Keeping it 'light' is what we generally like to do here, after all sports are a form of entertainment, aren't they? However, I do find a sense of social responsibility to speak, or write in this case, and give my opinion on the grotesque happenings recently brought to light at the State College of Pennsylvania.
There are moments which we as fanatical college football fans forget what we are engulfed in. We're engulfed in a machine, a multi-billion dollar revenue building machine. College towns in the middle of Nowhere, USA are responsible for developing a corporation centered around collegiate athletics and more specifically, college football. The lines of amateurism and professionalism are crossed more often than not, money is and becomes a much larger factor than academia, morality, and social responsibility, it's what this machine called college football is. 'The Machine,' does more than cross lines, it creates individuals who are entrusted with more power than CEO's of Fortune 500 companies, individuals with more say than elected officials, individuals turned millionaires who see nothing but the color of the almighty dollar.
Now for the baffling part of recent days. Officials very high on the food chain at Penn State University, a demigod head football coach, a seasoned athletic director of an elite college football program, and a head of campus security for a college boasting an enrollment of nearly 95,000, never once picked up a telephone and made a phone call to report suspicion of criminal conduct too grotesque to speak of. How does that happen? How does sexual assault of a minor by a man entrusted to care for the very individuals he abused go unreported by men of this like? Based on the words which I wrote in the previous paragraph, I hope you picked up on my point. These men, Penn State head football coach Joe Paterno, former Penn State athletic director Tim Curley, and former vice president for finance and business Gary Schultz, all did nothing to protect children from a predator they were close to. For whatever reason, that doesn't matter the least bit, they ignored the opportunity to protect children. We need to have an issue with this. We need to find out why the graduate assistant felt like he needed to tell Paterno rather than the police, why Paterno felt the need to only speak with the athletic director, why the athletic director and VP of finance and business felt a suspension from the university was the only thing they needed to do after hearing of this, why the president of the university did nothing further when approving the suspension of that sexual predator. Firing? Loss of jobs? That is NOT enough. There are too many questions that need to be answered. Why does a graduate assistant not leave the university immediately upon realizing that the sexual predator was not in handcuffs for what he'd done? Start there. This thing has more legs that need to be uncovered because we should not be satisfied with firings, resignations and retirements!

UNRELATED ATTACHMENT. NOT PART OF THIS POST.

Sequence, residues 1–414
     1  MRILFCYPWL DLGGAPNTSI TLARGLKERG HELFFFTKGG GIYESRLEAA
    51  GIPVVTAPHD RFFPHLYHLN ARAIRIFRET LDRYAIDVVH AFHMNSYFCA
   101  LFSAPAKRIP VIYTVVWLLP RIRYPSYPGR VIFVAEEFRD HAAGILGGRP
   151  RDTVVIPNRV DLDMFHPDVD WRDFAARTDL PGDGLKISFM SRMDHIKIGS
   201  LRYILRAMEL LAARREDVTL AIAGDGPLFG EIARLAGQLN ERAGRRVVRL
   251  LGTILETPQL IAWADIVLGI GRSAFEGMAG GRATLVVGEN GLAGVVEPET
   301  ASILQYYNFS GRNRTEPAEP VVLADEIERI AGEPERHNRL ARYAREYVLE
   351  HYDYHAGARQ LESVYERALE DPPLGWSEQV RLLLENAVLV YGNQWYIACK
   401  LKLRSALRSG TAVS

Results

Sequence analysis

After hearing the grotesque details of the allegations, I can't continue to write about this. I will end it like this however, we should mark the day on the calender as the last time we allow head football coaches and officials of major colleges and universities to have more power than they ought to. The power to cover up scandal, the power to skirt social responsibility, the power to leave our youth unprotected from the world around them.